Sunrise Express – Sleeper train ride in Japan

Deciding on a location to spend your well-deserved ALs on has always been a contentious topic. However, one destination that unanimously passes the vibe check is Japan. You’ve got sunny beaches in Okinawa and winter activities in Hokkaido to satisfy even the most undecided traveller.

Regardless of your pick, it’s possible to fit multiple of these tourist hotspots into your itinerary because of Japan’s efficient rail system. If you’re all too familiar with the Shinkansen yourself, perhaps you can consider booking a trip on the Sunrise Express, a serene overnight train ride that’s FOC as long as you have a Japan Rail Pass.

Take in views of Japan aboard a 12-hour overnight train ride

Sunrise Express - Train Arriving At Station At Dawn
Purchase takeaway lunch boxes (from ¥700, ~S$8.31) and drinks (from ¥110, ~S$1.02) from shops peppered around Tokyo station as it’s not clear if there’s any food onboard the train.
Image credit: @akalonelychild via Instagram

The Sunrise Express is a long distance, overnight sleeper train that runs from Tokyo station and terminates at either Izumoshi or Takamatsu station. The 14-carriage train travels 2 routes where the cabins get uncoupled at Okayama station and head in different directions. 

The first 7 carriages are collectively called the Sunrise Seto, and the remaining half is known as the Sunrise Izumo. Should you long for a literal cross-country sojourn, the latter takes intrepid adventurers on a 950km odyssey across the west of Japan including stops at Yokohama and Okayama.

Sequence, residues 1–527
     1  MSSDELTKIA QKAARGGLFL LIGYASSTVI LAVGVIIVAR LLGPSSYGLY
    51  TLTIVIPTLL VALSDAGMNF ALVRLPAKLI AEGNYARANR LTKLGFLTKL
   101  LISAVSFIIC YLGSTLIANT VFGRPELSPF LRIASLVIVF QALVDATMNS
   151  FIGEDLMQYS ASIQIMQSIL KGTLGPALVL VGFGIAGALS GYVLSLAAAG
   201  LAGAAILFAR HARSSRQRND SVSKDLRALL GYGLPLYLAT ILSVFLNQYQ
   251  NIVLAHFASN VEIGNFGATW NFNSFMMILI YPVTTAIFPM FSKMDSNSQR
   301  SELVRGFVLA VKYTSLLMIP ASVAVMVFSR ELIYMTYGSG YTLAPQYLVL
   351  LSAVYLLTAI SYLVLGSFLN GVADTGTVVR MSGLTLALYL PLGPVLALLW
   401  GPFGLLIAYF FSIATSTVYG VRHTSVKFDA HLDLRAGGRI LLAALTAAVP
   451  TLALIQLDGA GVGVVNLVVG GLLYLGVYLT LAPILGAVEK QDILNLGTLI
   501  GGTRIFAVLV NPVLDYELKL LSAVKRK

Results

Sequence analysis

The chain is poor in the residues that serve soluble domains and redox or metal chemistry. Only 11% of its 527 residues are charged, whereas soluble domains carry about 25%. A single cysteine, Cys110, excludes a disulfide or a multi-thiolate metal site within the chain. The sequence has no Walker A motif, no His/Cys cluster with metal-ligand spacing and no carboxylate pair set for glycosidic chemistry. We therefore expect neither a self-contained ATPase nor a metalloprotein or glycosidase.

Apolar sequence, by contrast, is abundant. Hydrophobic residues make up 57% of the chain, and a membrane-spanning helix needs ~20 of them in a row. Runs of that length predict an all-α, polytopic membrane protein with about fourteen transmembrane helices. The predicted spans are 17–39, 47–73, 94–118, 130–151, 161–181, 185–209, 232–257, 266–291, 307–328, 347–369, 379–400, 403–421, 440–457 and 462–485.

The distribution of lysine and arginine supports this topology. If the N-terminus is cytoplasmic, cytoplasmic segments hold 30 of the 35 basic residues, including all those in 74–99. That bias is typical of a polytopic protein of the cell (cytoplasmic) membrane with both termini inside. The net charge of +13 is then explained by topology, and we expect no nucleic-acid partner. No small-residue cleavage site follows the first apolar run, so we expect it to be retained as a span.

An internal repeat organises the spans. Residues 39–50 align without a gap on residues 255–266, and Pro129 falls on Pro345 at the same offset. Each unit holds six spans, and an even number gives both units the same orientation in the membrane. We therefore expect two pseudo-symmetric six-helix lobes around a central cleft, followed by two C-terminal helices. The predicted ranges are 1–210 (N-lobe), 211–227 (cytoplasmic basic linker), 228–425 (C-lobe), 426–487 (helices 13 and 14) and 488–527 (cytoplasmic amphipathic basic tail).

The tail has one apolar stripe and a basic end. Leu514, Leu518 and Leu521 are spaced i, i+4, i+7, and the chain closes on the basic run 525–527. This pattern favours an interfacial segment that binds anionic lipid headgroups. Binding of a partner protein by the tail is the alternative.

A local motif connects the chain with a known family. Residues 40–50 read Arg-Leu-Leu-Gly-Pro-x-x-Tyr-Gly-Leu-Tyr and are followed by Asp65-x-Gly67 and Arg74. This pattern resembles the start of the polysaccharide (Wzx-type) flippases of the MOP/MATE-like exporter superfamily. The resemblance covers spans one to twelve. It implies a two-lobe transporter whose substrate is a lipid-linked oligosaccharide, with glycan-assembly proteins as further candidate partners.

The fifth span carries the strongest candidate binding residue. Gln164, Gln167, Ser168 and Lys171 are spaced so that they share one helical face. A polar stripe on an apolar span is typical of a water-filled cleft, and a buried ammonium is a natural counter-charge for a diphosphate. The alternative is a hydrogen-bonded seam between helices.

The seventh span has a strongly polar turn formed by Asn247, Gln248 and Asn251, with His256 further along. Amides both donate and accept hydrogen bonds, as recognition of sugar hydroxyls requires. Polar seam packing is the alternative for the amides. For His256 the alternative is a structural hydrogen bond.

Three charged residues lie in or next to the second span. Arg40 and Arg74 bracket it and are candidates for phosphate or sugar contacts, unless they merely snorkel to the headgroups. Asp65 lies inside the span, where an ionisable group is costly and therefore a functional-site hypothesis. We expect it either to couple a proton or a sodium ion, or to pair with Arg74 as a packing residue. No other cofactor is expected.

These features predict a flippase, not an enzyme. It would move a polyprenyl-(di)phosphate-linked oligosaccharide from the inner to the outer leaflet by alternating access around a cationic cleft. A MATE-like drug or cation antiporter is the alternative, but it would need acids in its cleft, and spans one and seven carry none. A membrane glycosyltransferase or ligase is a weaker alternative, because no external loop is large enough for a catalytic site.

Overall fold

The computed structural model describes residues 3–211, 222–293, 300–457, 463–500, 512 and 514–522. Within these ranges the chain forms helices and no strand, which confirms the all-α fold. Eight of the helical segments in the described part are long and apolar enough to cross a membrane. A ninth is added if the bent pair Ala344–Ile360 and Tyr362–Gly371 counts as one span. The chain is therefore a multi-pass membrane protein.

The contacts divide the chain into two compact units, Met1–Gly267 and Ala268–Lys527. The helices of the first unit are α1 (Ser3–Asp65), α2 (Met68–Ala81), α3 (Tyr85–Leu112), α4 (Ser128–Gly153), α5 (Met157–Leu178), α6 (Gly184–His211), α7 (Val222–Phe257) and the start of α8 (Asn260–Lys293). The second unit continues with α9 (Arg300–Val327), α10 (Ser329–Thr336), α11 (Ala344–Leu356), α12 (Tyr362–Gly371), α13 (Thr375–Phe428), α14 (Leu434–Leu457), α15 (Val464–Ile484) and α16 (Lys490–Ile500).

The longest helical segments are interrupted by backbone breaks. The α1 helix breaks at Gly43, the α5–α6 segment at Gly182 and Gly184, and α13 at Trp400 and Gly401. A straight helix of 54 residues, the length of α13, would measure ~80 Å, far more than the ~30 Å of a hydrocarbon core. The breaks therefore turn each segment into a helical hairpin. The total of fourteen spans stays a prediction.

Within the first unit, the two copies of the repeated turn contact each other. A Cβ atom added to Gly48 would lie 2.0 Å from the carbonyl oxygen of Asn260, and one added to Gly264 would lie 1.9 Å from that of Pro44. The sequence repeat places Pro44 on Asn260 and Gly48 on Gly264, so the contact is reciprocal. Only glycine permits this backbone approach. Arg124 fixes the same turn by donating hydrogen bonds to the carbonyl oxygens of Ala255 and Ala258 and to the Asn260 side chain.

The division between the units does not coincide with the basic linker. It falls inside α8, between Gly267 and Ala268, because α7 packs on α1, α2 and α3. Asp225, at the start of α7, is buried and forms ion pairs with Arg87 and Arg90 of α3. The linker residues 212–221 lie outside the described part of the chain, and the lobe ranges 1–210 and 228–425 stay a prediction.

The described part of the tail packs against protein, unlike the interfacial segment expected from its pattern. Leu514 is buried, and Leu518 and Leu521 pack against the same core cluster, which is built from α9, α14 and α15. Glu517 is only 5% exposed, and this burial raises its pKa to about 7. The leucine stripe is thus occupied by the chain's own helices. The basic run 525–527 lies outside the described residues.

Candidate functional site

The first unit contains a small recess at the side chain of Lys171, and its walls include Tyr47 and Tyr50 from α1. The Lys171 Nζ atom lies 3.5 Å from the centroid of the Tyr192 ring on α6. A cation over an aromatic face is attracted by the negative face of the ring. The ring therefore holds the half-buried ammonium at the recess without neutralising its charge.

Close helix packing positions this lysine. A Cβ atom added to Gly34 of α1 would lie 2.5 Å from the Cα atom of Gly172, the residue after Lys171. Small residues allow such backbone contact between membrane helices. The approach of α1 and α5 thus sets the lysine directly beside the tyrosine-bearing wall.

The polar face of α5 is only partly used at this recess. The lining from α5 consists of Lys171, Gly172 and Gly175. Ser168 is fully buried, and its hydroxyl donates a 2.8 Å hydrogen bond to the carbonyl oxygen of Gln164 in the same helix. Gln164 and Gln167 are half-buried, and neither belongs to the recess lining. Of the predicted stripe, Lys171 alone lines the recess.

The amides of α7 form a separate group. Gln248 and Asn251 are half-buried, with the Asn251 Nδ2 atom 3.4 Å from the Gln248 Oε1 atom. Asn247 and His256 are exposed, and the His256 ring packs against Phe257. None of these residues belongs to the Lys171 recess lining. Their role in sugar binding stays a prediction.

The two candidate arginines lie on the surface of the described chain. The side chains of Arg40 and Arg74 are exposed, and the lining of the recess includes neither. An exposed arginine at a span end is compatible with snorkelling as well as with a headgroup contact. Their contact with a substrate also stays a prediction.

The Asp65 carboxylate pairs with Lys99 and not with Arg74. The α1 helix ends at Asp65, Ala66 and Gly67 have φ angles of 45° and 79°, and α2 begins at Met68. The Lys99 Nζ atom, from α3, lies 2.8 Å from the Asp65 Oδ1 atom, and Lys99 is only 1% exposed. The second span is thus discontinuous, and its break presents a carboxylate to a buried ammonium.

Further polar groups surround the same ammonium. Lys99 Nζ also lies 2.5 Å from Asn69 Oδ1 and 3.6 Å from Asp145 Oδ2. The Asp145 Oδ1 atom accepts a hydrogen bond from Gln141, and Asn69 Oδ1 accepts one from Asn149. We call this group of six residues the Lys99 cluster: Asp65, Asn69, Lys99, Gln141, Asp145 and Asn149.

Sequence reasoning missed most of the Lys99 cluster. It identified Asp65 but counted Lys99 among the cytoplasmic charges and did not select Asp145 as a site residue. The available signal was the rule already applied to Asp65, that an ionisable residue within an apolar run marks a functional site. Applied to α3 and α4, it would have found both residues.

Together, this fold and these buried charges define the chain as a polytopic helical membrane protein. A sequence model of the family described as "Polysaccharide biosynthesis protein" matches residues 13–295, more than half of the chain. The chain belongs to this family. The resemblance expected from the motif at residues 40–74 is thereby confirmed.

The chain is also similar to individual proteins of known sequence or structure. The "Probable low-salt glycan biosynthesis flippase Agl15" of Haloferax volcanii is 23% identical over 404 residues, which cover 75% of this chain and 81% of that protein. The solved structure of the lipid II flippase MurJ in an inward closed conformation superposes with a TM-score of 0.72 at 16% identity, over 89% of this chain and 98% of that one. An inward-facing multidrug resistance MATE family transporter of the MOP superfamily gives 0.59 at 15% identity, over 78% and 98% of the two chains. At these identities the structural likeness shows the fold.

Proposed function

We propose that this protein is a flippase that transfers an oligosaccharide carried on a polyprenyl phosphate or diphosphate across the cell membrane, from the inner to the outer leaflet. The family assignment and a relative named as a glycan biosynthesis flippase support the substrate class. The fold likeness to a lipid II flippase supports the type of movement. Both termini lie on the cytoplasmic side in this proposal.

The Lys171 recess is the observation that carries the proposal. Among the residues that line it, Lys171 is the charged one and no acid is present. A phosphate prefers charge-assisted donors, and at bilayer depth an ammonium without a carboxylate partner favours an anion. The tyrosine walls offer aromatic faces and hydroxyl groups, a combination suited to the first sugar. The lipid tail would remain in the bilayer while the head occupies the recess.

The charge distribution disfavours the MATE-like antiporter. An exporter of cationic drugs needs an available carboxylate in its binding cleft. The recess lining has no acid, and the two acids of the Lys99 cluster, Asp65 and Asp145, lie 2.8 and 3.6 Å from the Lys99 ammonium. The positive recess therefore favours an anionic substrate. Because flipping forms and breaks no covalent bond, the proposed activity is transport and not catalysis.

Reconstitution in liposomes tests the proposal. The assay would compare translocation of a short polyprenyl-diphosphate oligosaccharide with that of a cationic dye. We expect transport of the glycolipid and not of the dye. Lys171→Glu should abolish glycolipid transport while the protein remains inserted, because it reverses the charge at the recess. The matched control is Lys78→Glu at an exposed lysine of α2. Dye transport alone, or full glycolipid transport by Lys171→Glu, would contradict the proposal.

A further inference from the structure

Train timings & seat reservations

Sunrise Express - Exterior View Of Train
Image credit: @cassiori26 via Instagram 

The Sunrise Express will depart from Tokyo station at around 10pm regardless of which route you decide to take. It takes about 12 hours to go from end to end aboard the Sunrise Izumo, while the Sunrise Seto will see a total travel time of about 9.5 hours. 

During the shared route, the train stops at stations in Osaka and Himeji. After decoupling, the Sunrise Izumo will make stops at Matsue and Shinji stations, while the Sunrise Seto will stop by Kojima and Takamatsu stations, just to name a few.

As for seat reservations, the booking sitch is similar to buying concert tickets in Singapore; you’ll have to book them about a month in advance online through the JR Pass reservation website

You can try your luck at the physical ticket windows when you’re there, but it’s risky as seats sell out quickly, so get your Japan itinerary sorted out in advance for a seamless ticketing experience.

Free seats with JR Pass, with optional seat & bed upgrades

Sunrise Express - Nobi Nobi Seats
There’s only a small partition separating these Nobi Nobi seats, so don’t expect full privacy.
Image credit: @shulinone via Instagram

Apart from the many free things to do in Tokyo, having a JR Pass will also entitle you to book the Nobi Nobi seats for free aboard the Sunrise Express. These are 190cm long and 80cm wide, and you’ll get a blanket and pillowcase for each seat.